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L.A. Zoo opens $14-million reptile 'condominium' today

March 8, 2012 |  7:13 am

The Los Angeles Zoo is opening a new $14-million home for reptiles and amphibians
The Los Angeles Zoo is opening a new home for reptiles and amphibians today, a $14-million condominium complex for Mexican beaded lizards, Rowley's palm vipers, radiated tortoises and other creatures that slither and croak.

The LAIR -- an acronym for Living Amphibians, Invertebrates and Reptiles -- was five years in the making and will be one of just a few reptile houses to open in North America in the last decade.

"We've got one of the best in the nation," zoo director John Lewis said earlier this week as workers prepared by cleaning display windows, planting feathery ferns, adjusting temperature and humidity controls and using metal hooks to place venomous snakes carefully into their spacious new homes.

LAIR is set to house 49 exhibits and 60 species. That is fewer than lived in the zoo's old reptile house, "but we'll do a better job in terms of meeting the needs of the animals, producing breeding stock and showing them off to the public," Lewis said.

The old reptile house had well over 100 species on display in its heyday, but many were housed in small aquarium settings.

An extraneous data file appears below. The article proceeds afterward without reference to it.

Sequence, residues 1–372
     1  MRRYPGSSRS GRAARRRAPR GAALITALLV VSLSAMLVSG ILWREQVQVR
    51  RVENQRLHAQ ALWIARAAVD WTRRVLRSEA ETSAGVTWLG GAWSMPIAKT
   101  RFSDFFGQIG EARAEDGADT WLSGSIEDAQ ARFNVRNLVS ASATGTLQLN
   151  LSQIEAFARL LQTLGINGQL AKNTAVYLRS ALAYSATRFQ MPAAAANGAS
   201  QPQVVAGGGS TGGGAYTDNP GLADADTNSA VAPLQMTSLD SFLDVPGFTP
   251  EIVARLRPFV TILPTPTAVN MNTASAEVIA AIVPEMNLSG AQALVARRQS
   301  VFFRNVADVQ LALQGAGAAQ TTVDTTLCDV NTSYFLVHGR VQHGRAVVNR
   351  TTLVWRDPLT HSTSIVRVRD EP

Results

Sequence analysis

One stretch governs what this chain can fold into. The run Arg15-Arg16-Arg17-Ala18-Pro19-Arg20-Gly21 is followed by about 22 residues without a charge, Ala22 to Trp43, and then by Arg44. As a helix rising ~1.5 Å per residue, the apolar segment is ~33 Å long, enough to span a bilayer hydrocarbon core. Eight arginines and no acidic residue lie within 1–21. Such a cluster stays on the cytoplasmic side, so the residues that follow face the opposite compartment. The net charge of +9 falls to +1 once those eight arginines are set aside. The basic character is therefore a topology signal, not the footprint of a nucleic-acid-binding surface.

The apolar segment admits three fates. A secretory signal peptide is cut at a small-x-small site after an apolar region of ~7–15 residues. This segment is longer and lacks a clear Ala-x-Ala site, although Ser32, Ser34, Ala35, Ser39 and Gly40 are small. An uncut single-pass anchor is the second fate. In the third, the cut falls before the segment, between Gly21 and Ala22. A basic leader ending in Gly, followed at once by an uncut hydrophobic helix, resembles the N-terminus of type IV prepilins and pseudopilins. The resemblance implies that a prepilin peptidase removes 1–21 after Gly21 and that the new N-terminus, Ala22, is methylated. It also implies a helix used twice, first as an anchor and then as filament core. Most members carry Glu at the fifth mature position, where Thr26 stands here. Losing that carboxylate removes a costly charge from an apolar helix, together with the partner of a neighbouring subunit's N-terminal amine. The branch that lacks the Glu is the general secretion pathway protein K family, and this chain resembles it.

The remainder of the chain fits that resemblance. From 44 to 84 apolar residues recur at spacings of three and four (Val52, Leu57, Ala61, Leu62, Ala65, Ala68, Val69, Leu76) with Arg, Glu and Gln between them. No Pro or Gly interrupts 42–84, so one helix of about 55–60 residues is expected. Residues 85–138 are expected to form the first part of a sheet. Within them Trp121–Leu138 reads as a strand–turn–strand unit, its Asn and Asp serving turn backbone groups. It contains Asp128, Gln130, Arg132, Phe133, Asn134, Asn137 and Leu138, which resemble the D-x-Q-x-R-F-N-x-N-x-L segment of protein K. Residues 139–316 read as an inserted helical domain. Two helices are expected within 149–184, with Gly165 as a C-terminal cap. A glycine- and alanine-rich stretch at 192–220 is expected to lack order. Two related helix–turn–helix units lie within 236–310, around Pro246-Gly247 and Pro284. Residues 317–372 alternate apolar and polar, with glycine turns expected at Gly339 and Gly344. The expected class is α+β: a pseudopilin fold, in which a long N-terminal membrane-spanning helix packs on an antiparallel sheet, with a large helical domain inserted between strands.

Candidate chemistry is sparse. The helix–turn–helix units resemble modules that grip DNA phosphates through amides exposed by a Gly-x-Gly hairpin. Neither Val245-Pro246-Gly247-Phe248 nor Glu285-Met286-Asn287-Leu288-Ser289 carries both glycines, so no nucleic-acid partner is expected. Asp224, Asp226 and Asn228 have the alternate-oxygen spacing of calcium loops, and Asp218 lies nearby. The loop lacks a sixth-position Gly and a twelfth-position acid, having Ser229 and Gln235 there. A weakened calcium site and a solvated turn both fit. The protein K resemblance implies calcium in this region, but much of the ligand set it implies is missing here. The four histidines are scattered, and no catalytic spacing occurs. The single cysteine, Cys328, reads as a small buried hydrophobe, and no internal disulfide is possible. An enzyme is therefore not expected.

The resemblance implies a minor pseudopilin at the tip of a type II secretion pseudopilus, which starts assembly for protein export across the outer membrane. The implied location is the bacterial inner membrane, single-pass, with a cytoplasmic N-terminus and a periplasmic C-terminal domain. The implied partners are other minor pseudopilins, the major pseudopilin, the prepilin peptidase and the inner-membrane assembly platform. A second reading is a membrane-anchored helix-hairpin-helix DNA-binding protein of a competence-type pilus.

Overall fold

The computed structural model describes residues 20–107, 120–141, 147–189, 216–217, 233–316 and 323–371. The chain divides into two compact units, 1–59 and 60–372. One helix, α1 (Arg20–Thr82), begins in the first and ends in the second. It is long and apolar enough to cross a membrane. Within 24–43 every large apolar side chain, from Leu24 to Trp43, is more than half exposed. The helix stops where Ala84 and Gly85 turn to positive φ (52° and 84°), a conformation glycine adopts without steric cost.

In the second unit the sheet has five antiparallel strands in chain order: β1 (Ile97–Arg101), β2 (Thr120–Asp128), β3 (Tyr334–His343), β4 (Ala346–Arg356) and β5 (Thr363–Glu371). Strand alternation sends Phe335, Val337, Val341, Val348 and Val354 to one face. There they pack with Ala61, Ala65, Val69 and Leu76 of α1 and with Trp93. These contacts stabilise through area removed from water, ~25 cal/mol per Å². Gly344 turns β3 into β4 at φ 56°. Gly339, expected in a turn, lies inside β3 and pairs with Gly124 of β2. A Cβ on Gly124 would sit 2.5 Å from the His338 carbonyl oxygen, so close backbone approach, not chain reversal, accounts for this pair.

Zoo officials estimate that 1.6 million visitors will walk through LAIR each year over the next 30 years.

The zoo is launching an advertising blitz to accompany the opening. Television commercials will feature rock musician Slash and 90-year-old actress Betty White, who will be seen marveling over a pair of prehistoric-looking Mexican giant horned lizards.

"Gorgeous," White says in the ad.

"Weird," says a lizard staring back at her.

By week's end, splashy images of rainbow-hued Fiji Island banded iguanas are to be popping up on billboards and bus sides across the county, many of them accompanied by pithy phrases such as "Can't talk now. Basking."

The $500,000 advertising campaign targets an audience that has been missing at the zoo since the former reptile house was demolished five years ago: families and children fascinated by frogs and snakes. The reptiles had been housed out of public view, awaiting construction of their new digs.

Lions, tigers and bears will always be favorites; but Slash, a lifelong patron of the zoo and aficionado of venomous snakes, said he expects the LAIR to become a popular attraction.

"Natural curiosity and fear of reptiles has always made them fascinating creatures," he said in an interview. "But people are really going to dig this place because of its natural settings and roomier exhibits."

The fast, slender and deadly green mamba snake is amazing, he said.


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-- Louis Sahagun

Photo: A West African green mamba. Credit: Brian van der Brug / Los Angeles Times